- COMP 101: Fluency in Information Technology
- COMP 523: Software Engineering Lab
- COMP 585/185: Serious Games
I received my Ph.D. from the Department of Computer Science at UNC in 1979 and have lived in Chapel Hill since then. I came back to UNC after retiring from IBM in June 2004. I focus on undergraduate teaching, including courses for upperclassmen and for non-majors. I am the adviser for the BS/MS program, which gives me the opportunity to work with students in both the undergraduate and graduate programs.
I also collaborate with Dr. Alex Tropsha from the School of Pharmacy building a web site, Chembench, that provides drug discovery tools for public use.
My work in software engineering has furthered my appreciation of Dr. Brooks's concept of the computer scientist as toolsmith. It has given me the opportunity to work with organizations across campus, non-profits in the area, and the entrepreneur community. It also heightened my awareness of the need for software engineers to understand the implications and ethical issues related to their work and lead to teach a course in that area.
Several years ago students asked me to offer a course about games and I now regularly teach courses in the field of serious games (games with a use beyond entertainment). Combining my interest in games and software engineering has lead me to exploration of what we can learn from games to improve our software.
I worked for IBM for 25 years and was named an IBM Fellow in 1994. While at IBM I had the opportunity to work with international teams, create conferences for women, create an "intrapreneurship" within the company, and help govern the company's Academy of Technology. My work has revolved around networking and software engineering, including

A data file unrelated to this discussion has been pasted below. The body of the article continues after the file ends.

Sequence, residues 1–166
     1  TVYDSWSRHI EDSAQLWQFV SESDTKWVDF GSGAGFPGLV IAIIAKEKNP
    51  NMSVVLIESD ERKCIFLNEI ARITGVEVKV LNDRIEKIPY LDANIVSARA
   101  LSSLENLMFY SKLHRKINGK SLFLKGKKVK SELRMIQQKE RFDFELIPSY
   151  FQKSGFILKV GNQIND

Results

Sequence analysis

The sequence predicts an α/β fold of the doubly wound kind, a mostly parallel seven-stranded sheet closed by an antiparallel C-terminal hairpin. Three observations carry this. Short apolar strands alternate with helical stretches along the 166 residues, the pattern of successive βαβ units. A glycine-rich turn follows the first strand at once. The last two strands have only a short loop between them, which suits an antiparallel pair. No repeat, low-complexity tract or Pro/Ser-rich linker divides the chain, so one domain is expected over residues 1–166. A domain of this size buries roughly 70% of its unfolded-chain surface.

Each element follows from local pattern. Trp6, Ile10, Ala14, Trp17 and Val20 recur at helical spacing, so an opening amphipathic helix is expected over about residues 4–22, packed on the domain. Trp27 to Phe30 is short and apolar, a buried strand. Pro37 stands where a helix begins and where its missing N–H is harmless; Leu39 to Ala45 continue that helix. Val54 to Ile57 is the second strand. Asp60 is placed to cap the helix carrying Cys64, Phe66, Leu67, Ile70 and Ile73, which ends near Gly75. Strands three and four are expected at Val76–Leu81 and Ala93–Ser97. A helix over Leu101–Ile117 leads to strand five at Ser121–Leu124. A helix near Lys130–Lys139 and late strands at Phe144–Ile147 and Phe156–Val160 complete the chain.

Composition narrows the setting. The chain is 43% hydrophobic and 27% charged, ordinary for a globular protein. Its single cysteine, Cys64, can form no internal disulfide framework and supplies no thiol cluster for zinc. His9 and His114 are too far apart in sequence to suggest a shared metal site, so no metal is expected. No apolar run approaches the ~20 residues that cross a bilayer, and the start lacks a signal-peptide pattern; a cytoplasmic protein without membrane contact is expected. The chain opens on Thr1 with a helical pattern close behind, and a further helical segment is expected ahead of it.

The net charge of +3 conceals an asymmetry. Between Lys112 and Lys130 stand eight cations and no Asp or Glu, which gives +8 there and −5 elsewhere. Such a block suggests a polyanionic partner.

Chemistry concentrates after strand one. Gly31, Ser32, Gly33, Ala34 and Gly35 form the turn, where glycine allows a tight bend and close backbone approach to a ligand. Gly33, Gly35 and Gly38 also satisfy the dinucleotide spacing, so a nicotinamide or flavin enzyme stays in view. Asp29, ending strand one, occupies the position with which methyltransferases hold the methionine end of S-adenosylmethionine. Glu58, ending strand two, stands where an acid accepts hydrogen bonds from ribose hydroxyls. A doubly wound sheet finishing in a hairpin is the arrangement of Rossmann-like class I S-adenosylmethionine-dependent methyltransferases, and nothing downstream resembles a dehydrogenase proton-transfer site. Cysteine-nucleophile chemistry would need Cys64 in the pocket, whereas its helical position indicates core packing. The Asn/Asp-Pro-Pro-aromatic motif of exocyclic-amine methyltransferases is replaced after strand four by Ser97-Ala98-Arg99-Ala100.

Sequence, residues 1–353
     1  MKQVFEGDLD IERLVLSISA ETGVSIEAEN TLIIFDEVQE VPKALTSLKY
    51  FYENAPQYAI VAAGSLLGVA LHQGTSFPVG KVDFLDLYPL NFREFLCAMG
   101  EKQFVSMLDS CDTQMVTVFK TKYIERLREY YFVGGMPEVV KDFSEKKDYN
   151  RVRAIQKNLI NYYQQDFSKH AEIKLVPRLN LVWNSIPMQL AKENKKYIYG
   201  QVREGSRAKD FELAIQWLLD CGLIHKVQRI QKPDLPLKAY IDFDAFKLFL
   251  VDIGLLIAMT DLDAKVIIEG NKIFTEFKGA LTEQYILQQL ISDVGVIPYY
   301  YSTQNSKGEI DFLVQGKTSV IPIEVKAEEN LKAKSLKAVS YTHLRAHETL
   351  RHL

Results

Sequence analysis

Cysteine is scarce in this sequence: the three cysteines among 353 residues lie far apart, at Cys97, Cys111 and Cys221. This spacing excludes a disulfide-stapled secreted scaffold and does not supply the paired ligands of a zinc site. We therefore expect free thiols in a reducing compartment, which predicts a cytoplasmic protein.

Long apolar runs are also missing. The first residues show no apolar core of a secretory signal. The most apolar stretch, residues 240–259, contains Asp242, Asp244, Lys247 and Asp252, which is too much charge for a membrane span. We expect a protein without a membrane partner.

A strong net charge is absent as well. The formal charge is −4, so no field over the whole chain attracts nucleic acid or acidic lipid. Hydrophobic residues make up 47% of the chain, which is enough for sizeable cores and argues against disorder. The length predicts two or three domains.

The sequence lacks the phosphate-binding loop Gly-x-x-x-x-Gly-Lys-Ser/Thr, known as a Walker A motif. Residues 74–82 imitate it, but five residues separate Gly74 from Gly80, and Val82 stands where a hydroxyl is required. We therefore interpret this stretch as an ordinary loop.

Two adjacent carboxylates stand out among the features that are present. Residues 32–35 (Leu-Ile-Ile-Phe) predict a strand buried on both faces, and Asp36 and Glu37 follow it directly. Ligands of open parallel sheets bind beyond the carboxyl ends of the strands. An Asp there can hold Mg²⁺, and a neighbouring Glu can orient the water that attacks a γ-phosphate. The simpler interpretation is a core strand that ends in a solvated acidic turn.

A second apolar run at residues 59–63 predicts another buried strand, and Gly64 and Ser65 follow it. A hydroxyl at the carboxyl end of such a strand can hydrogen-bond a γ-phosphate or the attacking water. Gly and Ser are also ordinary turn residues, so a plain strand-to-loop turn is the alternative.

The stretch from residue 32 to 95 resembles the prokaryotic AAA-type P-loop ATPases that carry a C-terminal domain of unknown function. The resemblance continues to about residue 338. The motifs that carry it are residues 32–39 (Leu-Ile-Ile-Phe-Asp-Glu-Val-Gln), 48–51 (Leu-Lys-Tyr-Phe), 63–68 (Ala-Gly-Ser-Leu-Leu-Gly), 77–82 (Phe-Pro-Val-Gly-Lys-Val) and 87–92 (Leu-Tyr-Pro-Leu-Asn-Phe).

- developing networking protocols,
- deploying the network at the Nagano Olympics,
- product development,
- and advanced technology work in integration of calendar, telephony, and email.
My other professional interests include encouraging the entrepreneurial spirit and extending the reach of computer science to under-represented communities (including women)
Outside of work, I enjoy travel, reading, and animals. I've traveled to all seven continents and we're now working our way through the National Parks. My daughter works as an environemntal specialist for the federal government and my husband is happily retired from IBM.
- Nicholas Bartlett, Multi-Threading and Parallelization (2013)
- Samuel Gass, Improved Aprallelization in Job Management for Chembench (2013)
- Ian Kim, NoSQL Databases and Their Applications (2013)
- Wilson Liam, Heuristic-Based OCR Post-Correction for Smart Phone Applications (2009)
- James Uhing, Leveraging Ontologies to Enhance Recommendation Systems (2009)
- Paul Pucciarelli, Videowner: Fingerprint Based DigitalVideo Comparison (2008)
- Joel Sutherland, Object Resource Manager and its Application to a Sea Turtle Virtual Environment (2007)
- Adi Unnithan, Improving Search Relevancy through Human Indexing and Data Mining (2007)
- Will Hipschmann, Fault-Tolerant Broadcasts (2013)
- David Idol, Performance Differences between HTTP Long Polling and Websockets (2013)
- Lavar Askew, Evaluation of Optical Character Recognition Software for Retail Receipts (2012)
- Eric LaForce, Search Engines (2009)
- Stefan Estrada, Virtualization (2007)
- Julia Grace, Virtual Worlds (2007)